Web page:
When it comes to the nuts and bolts of playing the game, veterans of the later English Fire Emblem games on GBA will find themselves completely at home. Newcomers to the series are not necessarily advised to start with The Sealed Sword, but its combat and interface are not difficult to understand after a brief time to become acclimated. Looking like many other tactical RPGs, this Fire Emblem title finds the player maneuvering Roy and his allies to clear a battlefield of foes, then trying to survive when the enemies get their own turn. Various types of weapons and magic exist, almost all of which will wear out and break with repeated use. The series mainstay of having characters who lose all their HP in battle die is here and a moment's inattention will often result in someone coming down with a permanent case of death. The game helpfully displays how an encounter will play out before the player commits to any action, and monitoring enemy move ranges is easily done, though time-consuming.

There are no Assassins in this game, so poor Chad can Dramatic freeze-framed action! Will Lance succeed in sticking it to this grunt soldier? Find out next time!

   A strength of the Fire Emblem series is its relative simplicity compared to some other tactical franchises, and The Sealed Sword certainly keeps that aspect. Everything moves quickly and efficiently, from switching weapons on the fly to the choosing of a target. The menus are arranged identically to those in the later GBA Fire Emblem titles, but even someone unfamiliar with those will find progressing through the battlefields to be easily comprehensible.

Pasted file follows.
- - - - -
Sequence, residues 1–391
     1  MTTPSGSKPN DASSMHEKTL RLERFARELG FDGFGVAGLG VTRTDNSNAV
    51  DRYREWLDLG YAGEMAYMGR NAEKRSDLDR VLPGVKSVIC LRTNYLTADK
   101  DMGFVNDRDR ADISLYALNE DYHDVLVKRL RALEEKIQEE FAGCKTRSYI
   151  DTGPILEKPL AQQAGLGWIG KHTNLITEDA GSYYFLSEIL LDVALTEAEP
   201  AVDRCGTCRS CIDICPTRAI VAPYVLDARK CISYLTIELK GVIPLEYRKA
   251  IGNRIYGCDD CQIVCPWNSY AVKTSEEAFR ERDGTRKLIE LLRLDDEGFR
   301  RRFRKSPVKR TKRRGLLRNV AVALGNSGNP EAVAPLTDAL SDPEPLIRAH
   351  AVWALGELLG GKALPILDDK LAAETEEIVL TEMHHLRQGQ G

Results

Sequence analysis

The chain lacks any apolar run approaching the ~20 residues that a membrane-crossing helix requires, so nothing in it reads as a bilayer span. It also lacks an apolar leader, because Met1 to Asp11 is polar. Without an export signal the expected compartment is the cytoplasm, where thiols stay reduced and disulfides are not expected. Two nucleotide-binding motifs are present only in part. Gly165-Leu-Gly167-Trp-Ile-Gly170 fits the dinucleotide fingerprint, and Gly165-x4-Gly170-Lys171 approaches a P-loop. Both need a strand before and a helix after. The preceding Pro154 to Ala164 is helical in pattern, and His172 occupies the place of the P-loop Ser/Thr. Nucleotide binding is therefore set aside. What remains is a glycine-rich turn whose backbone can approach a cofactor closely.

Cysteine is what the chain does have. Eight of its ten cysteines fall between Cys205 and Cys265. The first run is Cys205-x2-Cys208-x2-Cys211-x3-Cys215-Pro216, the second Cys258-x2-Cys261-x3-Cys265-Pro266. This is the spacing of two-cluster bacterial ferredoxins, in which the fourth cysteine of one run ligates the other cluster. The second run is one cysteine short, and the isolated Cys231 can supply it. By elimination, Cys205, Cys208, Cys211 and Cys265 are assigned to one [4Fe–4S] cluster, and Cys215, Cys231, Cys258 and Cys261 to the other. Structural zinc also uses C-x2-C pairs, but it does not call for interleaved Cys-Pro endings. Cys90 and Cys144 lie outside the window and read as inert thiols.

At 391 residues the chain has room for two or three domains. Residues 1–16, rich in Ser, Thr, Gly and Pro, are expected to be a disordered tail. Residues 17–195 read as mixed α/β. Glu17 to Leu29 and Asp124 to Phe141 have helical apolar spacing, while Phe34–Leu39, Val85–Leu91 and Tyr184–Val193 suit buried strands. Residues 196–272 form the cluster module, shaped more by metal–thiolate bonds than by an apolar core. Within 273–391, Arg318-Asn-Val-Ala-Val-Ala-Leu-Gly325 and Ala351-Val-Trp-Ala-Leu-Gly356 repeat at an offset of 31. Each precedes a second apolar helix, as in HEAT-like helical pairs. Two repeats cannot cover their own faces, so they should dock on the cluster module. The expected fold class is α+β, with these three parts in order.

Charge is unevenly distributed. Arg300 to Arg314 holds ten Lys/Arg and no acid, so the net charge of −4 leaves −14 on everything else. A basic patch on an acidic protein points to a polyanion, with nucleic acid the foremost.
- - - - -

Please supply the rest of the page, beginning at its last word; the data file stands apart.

One aspect that would be significantly improved in the next Fire Emblem title is its Support system. Certain characters who stand next to each other in battle, after a number of turns, will be able to have conversations that enhance their abilities when standing within three turns of the partner. What The Sealed Sword institutes is a hidden limit on the Support points that can be accumulated in each chapter, which severely constrains any effort to quickly pair characters. The Support system of the later GBA games is hardly ideal, but at least the player is not prevented from using it as much as possible in those.

   Dragging around a main character that can't contribute much to the fighting is not unique to The Sealed Sword, but Roy has a couple of points that make him rather frustrating. The first is his absurdly late promotion point in the game, which makes him unable to contribute much to the fighting once his unpromoted form has reached the maximum level, especially when every other character can be promoted long before Roy. The second comes from the necessity of making him march over every map, since every battle except the last one requires Roy to conquer the throne its boss occupies. Roy isn't completely worthless in the early and later parts of the game, since only he can wield a couple of very useful weapons, but the time he spends as dead weight is difficult to overlook.